Over the last 14 years I have lived in New York City, I have had repeated conversations with people I meet that follow a particular, unwavering script:
Person: “Where did you grow up?”
Me: “I’m from Wyoming.”
Me: “No, Wyoming.”
Person: “Oh... that’s weird.”
I understand why they think it’s weird: to outsiders, Wyoming, the least-populated state in the nation, seems impossible, remote, obscure. Its entire population has not yet hit 600,000, despite being a gigantic trapezoid of land plopped in the middle of the country. When I lived in capital city Cheyenne, for the first 18 years of my life, it seemed like a big deal when we hit 57,000 citizens. Now it hovers around 64,000, and when I go back to visit my mother and the rest of mi familia, Cheyenne feels developed and advanced, a shining mini-metropolis from whence I came. My family, like many others across Wyoming, migrated from Mexico with promises of jobs on the railroad. By the time I came along it was pure hell for someone like me, who espoused passionately progressive politics even as a kid, but it’s gotten incrementally better. I was gone by the time Matthew Shepard was murdered in Laramie—a college town, arguably Wyoming’s most progressive place—but my best friend, the only out gay person in my high school, lived there then and it shook us to our cores. (He lives in New York City now, too.) But last year, in 2017, Cheyenne held its first-ever Pride Parade; my little cousin helped organize it, and I was as proud of her as a dream.
So when I first heard that Kanye West was recording his new work in Wyoming, I was lightly annoyed, but reserving judgement; I didn’t automatically go full Anne Helen Peterson with it, but I wasn’t optimistic, either. (As of this morning, I have listened to a total of 58 seconds of “I Thought About Killing You,” the first song on YE; I turned it off because I’m not particularly interested in hearing an expressly right-wing man orate about his impulses to murder “the one [he] loves” in a casual fashion.) Besides, saying you’re recording in “Wyoming” when you really mean Jackson Hole is like saying you live in “Los Angeles” when you really mean Calabasas: Jackson Hole and all its luxury skiing and spas and rich people and celebrities are about as far from my Wyoming as I can conjure. It’s the domain of the wealthy, to my mind largely divorced from the bison ranchers of the southeast, or the rugged intellectuals of Sheridan and Laramie, or the Shoshone and Northern Arapahoe of the Wind River Reservation, or the people my mom works with at the horse track, or RuPaul’s husband Georges, or even the aggrieved miners of Gillette.
But at the same time, with Kanye’s recent pro-MAGA turn, a Wyoming-based album somewhat makes sense; it’s a dyed-in-the-wool red state, and probably will always be. Despite being home to a small but resilient multiplicity of marginalized communities of color, Wyoming gave us the demon Dick Cheney and the absolutely dreadful Mike Enzi, both of whom are recognizable to me as archetypal Wyoming good ol’ boy stock, and purely hateful. Wyoming is, more than anywhere I’ve ever been (I haven’t been to the Dakotas), a place where the aftereffects of violent Western Expansion can still be tangibly felt. The aftereffects are its pulse. It took me a long time to untangle my complicated feelings about my home state and get to a point where it didn’t feel like a physical manifestation of alienation, but I finally came to a point of complicated love and appreciation, and knowledge that my own mettle and hustle was ingrained not just because of my mom and family’s immigrant experience, but because they had that immigrant experience explicitly there. It was a hellish place to grow up, but it was a great place to grow up, and the horizon is still more beautiful than anything else.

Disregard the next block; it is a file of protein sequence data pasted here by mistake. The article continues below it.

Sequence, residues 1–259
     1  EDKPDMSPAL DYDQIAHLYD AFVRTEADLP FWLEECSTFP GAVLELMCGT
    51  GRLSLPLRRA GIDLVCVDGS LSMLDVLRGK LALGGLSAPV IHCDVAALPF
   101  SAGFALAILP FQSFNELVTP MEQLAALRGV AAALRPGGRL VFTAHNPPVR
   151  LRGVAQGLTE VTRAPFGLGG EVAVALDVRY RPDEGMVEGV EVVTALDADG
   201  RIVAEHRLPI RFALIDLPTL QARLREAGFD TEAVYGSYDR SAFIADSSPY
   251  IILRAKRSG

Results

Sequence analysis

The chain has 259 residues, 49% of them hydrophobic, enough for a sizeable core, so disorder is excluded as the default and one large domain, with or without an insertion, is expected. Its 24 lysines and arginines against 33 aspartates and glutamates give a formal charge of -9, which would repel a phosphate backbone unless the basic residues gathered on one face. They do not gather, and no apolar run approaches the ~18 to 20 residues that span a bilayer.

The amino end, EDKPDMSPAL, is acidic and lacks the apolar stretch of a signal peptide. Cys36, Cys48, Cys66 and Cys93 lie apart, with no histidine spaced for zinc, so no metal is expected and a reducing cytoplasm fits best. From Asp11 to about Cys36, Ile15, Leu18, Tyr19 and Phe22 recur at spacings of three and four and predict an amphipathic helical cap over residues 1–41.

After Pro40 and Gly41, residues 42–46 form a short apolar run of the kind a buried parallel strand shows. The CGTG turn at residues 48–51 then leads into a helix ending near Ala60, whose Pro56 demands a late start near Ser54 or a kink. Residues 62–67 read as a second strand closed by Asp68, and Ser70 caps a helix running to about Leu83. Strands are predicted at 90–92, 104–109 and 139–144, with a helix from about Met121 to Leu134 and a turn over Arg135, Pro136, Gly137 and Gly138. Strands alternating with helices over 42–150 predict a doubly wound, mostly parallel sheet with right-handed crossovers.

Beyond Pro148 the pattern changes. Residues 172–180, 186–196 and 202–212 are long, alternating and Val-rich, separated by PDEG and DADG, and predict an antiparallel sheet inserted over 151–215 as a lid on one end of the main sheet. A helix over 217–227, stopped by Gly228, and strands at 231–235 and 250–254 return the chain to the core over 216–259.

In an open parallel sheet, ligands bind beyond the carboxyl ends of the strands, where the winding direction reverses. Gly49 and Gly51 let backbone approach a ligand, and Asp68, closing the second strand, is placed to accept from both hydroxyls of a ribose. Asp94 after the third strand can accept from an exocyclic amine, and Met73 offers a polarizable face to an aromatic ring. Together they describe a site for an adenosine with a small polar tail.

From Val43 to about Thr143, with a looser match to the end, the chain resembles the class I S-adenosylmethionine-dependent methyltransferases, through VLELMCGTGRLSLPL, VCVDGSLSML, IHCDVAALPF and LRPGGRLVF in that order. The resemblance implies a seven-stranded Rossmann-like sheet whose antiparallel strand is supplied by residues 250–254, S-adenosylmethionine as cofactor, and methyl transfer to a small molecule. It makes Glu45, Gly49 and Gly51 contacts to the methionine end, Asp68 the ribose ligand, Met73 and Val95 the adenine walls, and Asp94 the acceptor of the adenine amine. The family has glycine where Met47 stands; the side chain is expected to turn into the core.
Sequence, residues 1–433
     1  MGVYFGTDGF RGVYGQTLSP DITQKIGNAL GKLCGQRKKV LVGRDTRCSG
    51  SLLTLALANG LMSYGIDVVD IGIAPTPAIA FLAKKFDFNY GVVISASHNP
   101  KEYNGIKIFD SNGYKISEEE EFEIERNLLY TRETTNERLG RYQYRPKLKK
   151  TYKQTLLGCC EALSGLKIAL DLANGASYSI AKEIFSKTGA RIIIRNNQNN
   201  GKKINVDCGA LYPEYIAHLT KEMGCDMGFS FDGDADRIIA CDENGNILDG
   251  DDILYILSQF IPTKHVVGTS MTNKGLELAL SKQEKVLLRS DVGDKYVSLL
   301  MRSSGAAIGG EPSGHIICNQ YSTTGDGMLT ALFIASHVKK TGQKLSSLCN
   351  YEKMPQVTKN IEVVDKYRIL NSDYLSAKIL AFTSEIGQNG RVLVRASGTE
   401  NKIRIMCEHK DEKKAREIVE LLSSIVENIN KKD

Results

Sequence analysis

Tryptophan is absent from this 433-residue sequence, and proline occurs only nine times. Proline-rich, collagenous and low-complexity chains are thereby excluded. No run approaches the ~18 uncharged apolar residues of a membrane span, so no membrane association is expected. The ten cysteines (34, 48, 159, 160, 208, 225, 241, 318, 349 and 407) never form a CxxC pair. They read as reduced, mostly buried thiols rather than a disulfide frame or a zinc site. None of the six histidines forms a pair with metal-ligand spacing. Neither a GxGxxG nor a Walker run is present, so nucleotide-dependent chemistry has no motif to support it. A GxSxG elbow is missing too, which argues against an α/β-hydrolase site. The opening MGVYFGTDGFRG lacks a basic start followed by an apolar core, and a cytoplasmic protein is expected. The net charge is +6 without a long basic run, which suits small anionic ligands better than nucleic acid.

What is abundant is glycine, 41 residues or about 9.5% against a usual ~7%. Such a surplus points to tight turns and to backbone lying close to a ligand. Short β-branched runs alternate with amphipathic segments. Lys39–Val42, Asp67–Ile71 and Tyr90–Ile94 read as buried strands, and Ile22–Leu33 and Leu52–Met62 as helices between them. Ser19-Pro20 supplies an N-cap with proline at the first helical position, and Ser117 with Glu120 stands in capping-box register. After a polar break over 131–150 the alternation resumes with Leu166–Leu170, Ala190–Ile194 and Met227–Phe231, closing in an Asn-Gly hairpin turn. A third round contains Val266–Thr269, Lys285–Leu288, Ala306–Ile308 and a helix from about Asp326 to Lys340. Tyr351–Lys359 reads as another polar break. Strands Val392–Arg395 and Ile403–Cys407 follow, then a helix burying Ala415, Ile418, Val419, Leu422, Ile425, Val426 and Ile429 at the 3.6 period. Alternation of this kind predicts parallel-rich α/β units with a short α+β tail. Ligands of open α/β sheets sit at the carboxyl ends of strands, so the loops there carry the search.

All of this is a long-winded way to say that Kanye’s new Wyoming merch, a compendium of sweatshirts tailor-made for Supreme stans and going for $65-$145 is extremely annoying for someone who, routinely for going on two whole decades, has been repeatedly made to justify why being from Wyoming does not mean I rode horses to school or shot guns or like to climb rocks. (I have ridden a horse one time—you have to be rich for that shit!!—I despise guns, and I fucking HATE rock climbing.) The merch is extremely annoying for someone who has tried to get my friends to come with me to visit my mom for years, and then yet some of those friends who haven’t done so (yes, it’s personal) just happened to pop on a private jet to listen to an album by a guy whose new best friend is Candace Owens. It’s extremely annoying that Kanye is trying to make Wyoming ~the concept~ some hot new kitschy hypebeast shit, after I’ve spent my entire life trying to parse my complex relationship with my particular home state, and now the cool teens of the cities are going to think that Wyoming is cool, while the actual weirdo teens of Wyoming are gonna continue to be gripped by ennui and throwing tiny concerts at the community center and maybe, if they’re lucky enough to live in Cheyenne, smoking weed at the skate park and dreaming of another, bigger life. Where was Kanye when I was 17?! The entire scenario irks in an entirely personal fashion, particularly when I think about my baby cousins, my sisters really, back in Wyoming now, saving every penny of their meager paychecks so they can just get out.
Anyway, if you’re interested in a Wyoming t-shirt at a more affordable price, here is a University of Wyoming bucking bronco shirt for $12.99, in the team colors of brown-and-gold, the latter of which is also known as Gen Z Yellow, and is really very cool right now.